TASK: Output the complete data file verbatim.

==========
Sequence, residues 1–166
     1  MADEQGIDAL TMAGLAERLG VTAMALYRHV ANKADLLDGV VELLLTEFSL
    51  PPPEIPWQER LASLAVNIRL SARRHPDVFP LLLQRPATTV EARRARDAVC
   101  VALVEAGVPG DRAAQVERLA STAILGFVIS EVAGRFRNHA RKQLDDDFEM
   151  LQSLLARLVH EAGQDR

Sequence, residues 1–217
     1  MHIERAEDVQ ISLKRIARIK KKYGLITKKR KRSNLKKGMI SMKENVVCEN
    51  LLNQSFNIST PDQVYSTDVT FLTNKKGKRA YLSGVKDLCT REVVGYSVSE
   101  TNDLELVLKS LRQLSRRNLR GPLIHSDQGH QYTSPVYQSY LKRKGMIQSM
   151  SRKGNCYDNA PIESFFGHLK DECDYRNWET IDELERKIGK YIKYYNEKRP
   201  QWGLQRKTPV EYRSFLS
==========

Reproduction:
Sequence, residues 1–166
     1  MADEQGIDAL TMAGLAERLG VTAMALYRHV ANKADLLDGV VELLLTEFSL
    51  PPPEIPWQER LASLAVNIRL SARRHPDVFP LLLQRPATTV EARRARDAVC
   101  VALVEAGVPG DRAAQVERLA STAILGFVIS EVAGRFRNHA RKQLDDDFEM
   151  LQSLLARLVH EAGQDR

Sequence, residues 1–217
     1  MHIERAEDVQ ISLKRIARIK KKYGLITKKR KRSNLKKGMI SMKENVVCEN
    51  LLNQSFNIST PDQVYSTDVT FLTNKKGKRA YLSGVKDLCT REVVGYSVSE
   101  TNDLELVLKS LRQLSRRNLR GPLIHSDQGH QYTSPVYQSY LKRKGMIQSM
   151  SRKGNCYDNA PIESFFGHLK DECDYRNWET IDELERKIGK YIKYYNEKRP
   201  QWGLQRKTPV EYRSFLS